Oddly-shaped, brightly-coloured or even transparent these are some of the bizarre creatures that scientists did not even know existed until recently.
They are among a host of new animals that scientists have just uncovered in the hidden depths of the Atlantic Ocean during a new study which has ‘revolutionised’ thinking about deep-sea life.
Scientists believe they have discovered more than 10 new marine species by using the latest diving technology during the groundbreaking study.
A group of creatures thought to be close to the missing evolutionary link between backboned and invertebrate animals are among those captured by the team on the MAR-ECO international research programme.
Many other samples of rare animals were collected on the six-week voyage aboard the research ship James Cook.
Details of the trip were revealed by scientists at the University of Aberdeen, who are leading the UK contribution to the project exploring marine life along the Mid-Atlantic Ridge between Iceland and the Azores.
Using the UK’s deepest diving, remotely operated vehicle (ROV) to reach depths of between 700m and 3,600m, they focused on the area beneath the cold waters north of the Gulf Stream and the warmer waters to the south.
Professor Monty Priede, director of the University of Aberdeen’s Oceanlab, said: ‘This expedition has revolutionised our thinking about deep-sea life in the Atlantic Ocean.
The southern purple enteropneust worm, left, which was found attached to seafloor by adhesive tentacles and a Hydromedusa caught at approximately 2,500m below sea level
‘It shows that we cannot just study what lives around the edges of the ocean and ignore the vast array of animals living on the slopes and valleys in the middle of the ocean.
‘Using new technology and precise navigation, we can access these regions and discover things we never suspected existed.’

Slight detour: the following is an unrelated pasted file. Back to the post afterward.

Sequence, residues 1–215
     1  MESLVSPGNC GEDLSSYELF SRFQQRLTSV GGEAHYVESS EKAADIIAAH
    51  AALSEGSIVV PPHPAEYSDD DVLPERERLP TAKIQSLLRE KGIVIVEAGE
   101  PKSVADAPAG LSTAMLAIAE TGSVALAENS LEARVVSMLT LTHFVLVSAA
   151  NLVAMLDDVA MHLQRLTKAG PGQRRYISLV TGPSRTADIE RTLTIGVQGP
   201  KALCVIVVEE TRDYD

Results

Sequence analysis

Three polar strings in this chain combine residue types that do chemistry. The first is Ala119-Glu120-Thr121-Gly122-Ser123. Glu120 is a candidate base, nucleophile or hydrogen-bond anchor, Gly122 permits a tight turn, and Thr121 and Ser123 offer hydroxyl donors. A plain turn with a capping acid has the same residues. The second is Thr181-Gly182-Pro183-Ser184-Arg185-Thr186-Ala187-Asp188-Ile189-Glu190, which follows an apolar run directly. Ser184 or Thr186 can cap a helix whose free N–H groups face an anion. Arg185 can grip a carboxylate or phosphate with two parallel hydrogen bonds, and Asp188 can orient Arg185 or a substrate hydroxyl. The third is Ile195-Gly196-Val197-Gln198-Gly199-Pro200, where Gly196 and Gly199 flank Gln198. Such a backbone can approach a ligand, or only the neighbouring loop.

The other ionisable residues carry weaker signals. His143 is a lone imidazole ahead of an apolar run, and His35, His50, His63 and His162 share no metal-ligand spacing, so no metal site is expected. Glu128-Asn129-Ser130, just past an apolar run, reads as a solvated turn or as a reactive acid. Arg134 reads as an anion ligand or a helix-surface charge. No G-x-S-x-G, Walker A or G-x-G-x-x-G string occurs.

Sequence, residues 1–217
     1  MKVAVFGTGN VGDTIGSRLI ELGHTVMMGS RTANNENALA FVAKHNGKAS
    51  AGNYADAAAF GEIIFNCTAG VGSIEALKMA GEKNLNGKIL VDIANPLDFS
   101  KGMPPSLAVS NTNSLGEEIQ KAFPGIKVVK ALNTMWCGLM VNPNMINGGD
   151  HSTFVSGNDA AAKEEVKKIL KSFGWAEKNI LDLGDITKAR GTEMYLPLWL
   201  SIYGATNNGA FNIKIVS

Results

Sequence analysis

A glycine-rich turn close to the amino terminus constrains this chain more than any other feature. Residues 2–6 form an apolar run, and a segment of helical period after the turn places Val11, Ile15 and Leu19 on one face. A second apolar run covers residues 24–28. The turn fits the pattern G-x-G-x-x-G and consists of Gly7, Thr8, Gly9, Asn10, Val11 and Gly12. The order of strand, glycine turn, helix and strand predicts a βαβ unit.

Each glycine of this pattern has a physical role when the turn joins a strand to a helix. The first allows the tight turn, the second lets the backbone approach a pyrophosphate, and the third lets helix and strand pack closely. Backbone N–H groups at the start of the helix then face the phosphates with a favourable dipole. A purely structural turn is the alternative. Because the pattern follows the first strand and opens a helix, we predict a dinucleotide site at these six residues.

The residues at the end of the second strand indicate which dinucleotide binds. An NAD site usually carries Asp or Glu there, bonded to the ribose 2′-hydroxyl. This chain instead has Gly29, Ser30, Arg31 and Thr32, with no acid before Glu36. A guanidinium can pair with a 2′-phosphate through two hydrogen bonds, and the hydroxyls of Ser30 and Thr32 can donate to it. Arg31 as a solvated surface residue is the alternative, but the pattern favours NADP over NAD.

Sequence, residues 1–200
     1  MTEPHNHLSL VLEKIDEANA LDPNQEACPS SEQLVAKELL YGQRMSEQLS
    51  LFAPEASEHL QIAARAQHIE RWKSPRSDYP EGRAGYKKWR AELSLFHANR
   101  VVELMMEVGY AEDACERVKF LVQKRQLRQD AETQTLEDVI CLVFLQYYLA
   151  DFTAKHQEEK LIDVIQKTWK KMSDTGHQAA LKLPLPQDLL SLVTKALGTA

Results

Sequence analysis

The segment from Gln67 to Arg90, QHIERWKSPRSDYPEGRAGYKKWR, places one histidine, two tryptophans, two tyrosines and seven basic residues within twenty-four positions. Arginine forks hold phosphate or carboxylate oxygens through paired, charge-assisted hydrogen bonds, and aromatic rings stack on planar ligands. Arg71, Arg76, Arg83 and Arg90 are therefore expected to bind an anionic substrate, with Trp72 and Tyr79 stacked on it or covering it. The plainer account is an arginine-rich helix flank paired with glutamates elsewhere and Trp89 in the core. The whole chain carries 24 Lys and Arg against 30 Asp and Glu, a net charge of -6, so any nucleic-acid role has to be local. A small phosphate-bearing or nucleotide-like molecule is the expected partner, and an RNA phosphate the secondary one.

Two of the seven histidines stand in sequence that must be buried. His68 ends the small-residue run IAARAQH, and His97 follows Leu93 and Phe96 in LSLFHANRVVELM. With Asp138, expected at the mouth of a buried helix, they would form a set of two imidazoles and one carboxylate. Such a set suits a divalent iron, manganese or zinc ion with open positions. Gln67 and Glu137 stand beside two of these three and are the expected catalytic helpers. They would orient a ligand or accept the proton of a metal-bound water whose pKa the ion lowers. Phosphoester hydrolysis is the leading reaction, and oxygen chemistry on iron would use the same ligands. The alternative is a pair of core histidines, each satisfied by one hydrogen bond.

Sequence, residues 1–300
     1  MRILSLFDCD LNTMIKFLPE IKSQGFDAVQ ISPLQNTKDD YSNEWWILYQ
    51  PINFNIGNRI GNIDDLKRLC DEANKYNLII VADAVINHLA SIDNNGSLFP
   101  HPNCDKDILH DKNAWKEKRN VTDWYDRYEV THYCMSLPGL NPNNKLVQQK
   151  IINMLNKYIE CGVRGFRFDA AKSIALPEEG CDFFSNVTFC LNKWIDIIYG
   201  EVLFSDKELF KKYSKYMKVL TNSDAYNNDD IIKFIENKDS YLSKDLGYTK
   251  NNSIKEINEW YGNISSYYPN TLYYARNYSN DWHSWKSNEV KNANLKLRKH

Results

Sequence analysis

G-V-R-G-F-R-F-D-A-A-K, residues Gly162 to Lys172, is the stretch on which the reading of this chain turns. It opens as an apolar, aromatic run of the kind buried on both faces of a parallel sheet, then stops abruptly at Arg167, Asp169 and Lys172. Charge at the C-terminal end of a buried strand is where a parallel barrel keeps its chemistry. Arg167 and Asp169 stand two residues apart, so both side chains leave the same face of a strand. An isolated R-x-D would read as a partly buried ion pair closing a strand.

Scientists said they were surprised to see how different the animals were on either side of the ridge.
On the north-west plains they encountered enteropneust acorn worms, of which only a few specimens from the Pacific Ocean have ever been recorded.
Prof Priede said: ‘These worms are members of a little-known group of animals close to the missing link in evolution between backboned and invertebrate animals.
‘They have no eyes, no obvious sense organs or brain but there is a head end, tail end and the primitive body plan of backboned animals is established.
‘By the end of the expedition three different species were discovered each with a different colour – pink, purple and white – with distinctly different shapes.’
The voyage was carried out as part of the Census of Marine Life programme and was the last in a series of four annual voyages undertaken since 2007.
Ben Wigham of Newcastle University, which is also taking part in the project, said: ‘We are interested in how these animals are feeding in areas of the deep-sea where food is often scarce.
‘The differences we see in the diversity of species and numbers of individuals may well be related to how they are able to process and share out a rather common but meagre food supply.
‘We certainly see indications that there are differences between the north and south regions of the ridge.’ [Credit: DailyMail]